Occupational Health Nurse Job Description
Occupational health nurses are medical professionals specialized in work-related medical conditions. This type of nursing career also requires the same formal nursing education and licensure as registered hospital nurses. However, this position requires certification provided by the American Board for Occupational Health Nurses, Inc. This type of nurse usually works for warehouses, factories, construction sites and other workplaces that require physical labor or handle hazardous materials. The occupational health nurse job description includes ensuring that a company’s employees are physically fit and that their working environment is safe.
The occupational health nurse ensures the safety of the company’s employee by identifying possible health hazards in the working environment and reporting unsafe procedures and equipment to the management. Screening health of employees through urine and stool testing, Mask Fit Testing, Breath Alcohol testing, audiometric testing, lung function testing, spirometry and medical examination before contract signing is a major part of the occupational health nurse job description. In most companies, these medical exams are taken annually to ensure all employees remain safe and healthy throughout their employment with the company.
Occupational health nurses provide preliminary immunization to employees and comply with the infection control and other policies provided by regulatory agencies. They also organize all aspects of health evaluation, from administering medications to handling paperwork, lab and physician confirmation, invoice processing and tests scheduling. Completing and maintaining patients’ records, filing reports and preventing risks of injuries and diseases by recommending safety precautions are other tasks under the occupational health nurse job description. They also perform drug test to ensure a drug-free working environment. Other duties include reviewing the health history people applying with the company and assign appropriate positions based on the physical demands of the job.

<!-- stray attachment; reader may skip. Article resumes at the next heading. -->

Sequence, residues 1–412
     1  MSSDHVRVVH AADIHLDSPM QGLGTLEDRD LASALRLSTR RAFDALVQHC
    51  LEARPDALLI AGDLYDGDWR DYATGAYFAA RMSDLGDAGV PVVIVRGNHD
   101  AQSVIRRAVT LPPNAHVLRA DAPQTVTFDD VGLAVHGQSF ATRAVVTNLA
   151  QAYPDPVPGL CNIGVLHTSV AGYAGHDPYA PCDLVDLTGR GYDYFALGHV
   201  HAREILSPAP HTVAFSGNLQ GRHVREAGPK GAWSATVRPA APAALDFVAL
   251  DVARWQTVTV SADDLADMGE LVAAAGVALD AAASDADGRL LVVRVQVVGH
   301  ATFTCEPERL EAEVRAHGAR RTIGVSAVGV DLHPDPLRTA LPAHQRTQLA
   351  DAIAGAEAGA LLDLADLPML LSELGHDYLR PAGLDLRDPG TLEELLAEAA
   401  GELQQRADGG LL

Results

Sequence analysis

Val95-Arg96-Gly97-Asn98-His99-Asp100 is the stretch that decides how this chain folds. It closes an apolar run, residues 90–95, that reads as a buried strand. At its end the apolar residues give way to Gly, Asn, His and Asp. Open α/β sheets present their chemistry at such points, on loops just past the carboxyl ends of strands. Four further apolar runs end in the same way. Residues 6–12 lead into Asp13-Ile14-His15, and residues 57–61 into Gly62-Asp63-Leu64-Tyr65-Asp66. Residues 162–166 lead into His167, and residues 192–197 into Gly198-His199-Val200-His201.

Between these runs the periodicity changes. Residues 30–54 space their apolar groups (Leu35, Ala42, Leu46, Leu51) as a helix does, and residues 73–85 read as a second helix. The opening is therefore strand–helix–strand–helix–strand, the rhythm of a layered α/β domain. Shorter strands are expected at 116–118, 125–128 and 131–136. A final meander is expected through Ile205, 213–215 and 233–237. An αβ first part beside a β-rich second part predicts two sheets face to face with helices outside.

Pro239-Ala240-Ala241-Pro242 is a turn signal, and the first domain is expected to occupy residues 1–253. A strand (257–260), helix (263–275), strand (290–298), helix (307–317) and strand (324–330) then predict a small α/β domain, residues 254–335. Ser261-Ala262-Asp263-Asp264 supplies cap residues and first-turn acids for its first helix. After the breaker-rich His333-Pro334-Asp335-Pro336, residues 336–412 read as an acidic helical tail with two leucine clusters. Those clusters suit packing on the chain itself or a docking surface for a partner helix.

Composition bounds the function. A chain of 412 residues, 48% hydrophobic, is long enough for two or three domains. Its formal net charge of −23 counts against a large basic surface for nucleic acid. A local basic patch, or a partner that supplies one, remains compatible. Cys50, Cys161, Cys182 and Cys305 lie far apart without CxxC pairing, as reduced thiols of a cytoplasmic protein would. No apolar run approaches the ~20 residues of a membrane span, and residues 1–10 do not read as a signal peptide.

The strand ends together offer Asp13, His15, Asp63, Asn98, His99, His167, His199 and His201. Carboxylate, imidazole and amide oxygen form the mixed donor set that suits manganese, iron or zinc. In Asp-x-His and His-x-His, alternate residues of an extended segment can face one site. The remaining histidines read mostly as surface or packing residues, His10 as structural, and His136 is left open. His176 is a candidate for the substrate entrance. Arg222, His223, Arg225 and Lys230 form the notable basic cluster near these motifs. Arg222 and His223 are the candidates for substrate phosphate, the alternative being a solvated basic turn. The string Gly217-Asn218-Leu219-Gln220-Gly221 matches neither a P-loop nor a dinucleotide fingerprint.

Training and Education Requirements
The first step in becoming an occupational health nurse is to become a Registered Nurse. One should complete a bachelor’s or an associate degree in nursing. After the two-year or four-year course, a candidate should take and pass the National Council Licensure Examination for Registered Nurse. Once licensed to practice as a nurse, he/she can obtain specialization programs in occupational health. Most medical and nursing schools offer a Master of Science in Occupational Health Nursing, which takes 2-years.
The working environment of occupational health nurses mainly depends on the type of industry of their employer. These nurses may work in a variety of environments, ranging from a small office to a huge factory or warehouse. However, they often have an office of their own where they can consult with employees regarding their health issues. They also have an access to the company’s infirmary to provide checkups and treatments.
After taking and passing the National Council Licensure Examination for Registered Nurse, candidates need to have certain certification to become an occupational health nurse. ABOHN provides the certification for a candidate to qualify for the position. However, a candidate should already have at least a year of experience as a Registered Nurse to qualify for the certification.
Salary and Wages
The average salary of an occupational health nurse largely varies on the type and size of their employer. However, the median salary of entry-level health nurse is about $40,000 per year, while nurses with experience can earn up to $80,000 annually.